August 2002: Andorra guide

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THE MOUNTAIN is extensive but Andorra has a reputation for being suitable only for beginners and intermediates. However, some Eu70m has been spent in recent years on upgrading the lift systems in all resorts, and piste-grooming is superb.

But it still draws the crowds. Because, apart from Bulgaria, which attracts 1,000 Irish skiers annually) Andorra offers the cheapest commercialised skiing on the planet.

First come noisy Spanish and more subdued French families from Barcelona and Toulouse. They are joined at Christmas and February half-term by their Irish and English counterparts dressed in whatever they have cobbled together for the trip.

They are attracted by three- and four-star hotels costing the same as a lift poass would in a plusher resort, with flights and transfers included. Even in high season a six-day lift pass and equipment rental, and tuition can be got cheaply.

Andorra is still our biggest skiing destination, followed by Italy and Austria. Visitors shop for duty-free bargains in a country which, in recent years, has developed a sexy image as indecent-Ibiza-on-Ice.

Teens and 20s from Toulouse descend on the resort at weekends for a cut-price release from the strictures of home life.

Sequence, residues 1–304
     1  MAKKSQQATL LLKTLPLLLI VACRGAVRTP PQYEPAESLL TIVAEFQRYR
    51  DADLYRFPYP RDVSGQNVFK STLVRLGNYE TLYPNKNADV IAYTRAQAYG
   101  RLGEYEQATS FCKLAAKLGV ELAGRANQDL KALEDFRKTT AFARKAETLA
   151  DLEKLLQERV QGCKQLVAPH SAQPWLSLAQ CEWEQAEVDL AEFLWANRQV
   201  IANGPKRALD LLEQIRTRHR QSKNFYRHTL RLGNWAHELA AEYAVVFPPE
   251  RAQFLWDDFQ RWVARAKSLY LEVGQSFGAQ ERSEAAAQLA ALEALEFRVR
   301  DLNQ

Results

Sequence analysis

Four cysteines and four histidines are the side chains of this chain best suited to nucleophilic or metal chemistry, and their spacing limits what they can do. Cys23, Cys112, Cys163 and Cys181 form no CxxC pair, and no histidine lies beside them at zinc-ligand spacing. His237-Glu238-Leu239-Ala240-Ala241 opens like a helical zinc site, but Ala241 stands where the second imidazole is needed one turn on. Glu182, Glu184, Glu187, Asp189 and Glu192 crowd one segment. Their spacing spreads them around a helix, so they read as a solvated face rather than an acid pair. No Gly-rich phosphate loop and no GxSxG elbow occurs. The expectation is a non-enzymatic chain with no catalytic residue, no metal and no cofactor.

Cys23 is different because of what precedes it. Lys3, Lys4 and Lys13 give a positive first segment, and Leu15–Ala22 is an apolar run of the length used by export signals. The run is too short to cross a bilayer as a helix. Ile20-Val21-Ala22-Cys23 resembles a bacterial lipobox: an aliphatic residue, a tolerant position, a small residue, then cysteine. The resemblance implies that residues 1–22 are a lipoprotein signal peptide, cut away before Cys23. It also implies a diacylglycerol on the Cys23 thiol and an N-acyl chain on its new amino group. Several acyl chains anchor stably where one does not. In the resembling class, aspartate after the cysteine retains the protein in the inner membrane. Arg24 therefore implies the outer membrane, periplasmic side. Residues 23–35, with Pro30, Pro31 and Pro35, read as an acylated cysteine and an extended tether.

And then there are the 20-somethings who lay on the Balearic beaches by day during summer and lay up for the winter in Andorra.

Pas de la Casa together with linked Grau Roig is the biggest and best ski area. Its 33 lifts and 100km of piste are enhanced this winter by two new major lifts and a new cross-border circuit. But sadly, it is no closer to solving its dispute with neighbouring Soldeu/El Tarter. A lift link between the two does exist, but has remained closed for most of the past couple of seasons.

The rivals, who originally fell out over common land-grazing rights in the 18th century, still fail to agree on revenue-sharing in the 21st. But Soldeu has greatly increased its ski appeal by building a new eight-person gondola up to El Forn, as well as two new chair-lifts. At the other end of the tiny country, Arinsal has established a cable-car link to its second ski area of Pal.

For most of its beginners and improvers, the resort’s big advantage over many of its Alpine counterparts is its ski school.

Some 110 of its 170 instructors are native English speakers. There is no substitute for learning in your own language.

The technique taught is a sound blend of British, Canadian and New Zealand and it is imparted in a friendly manner.

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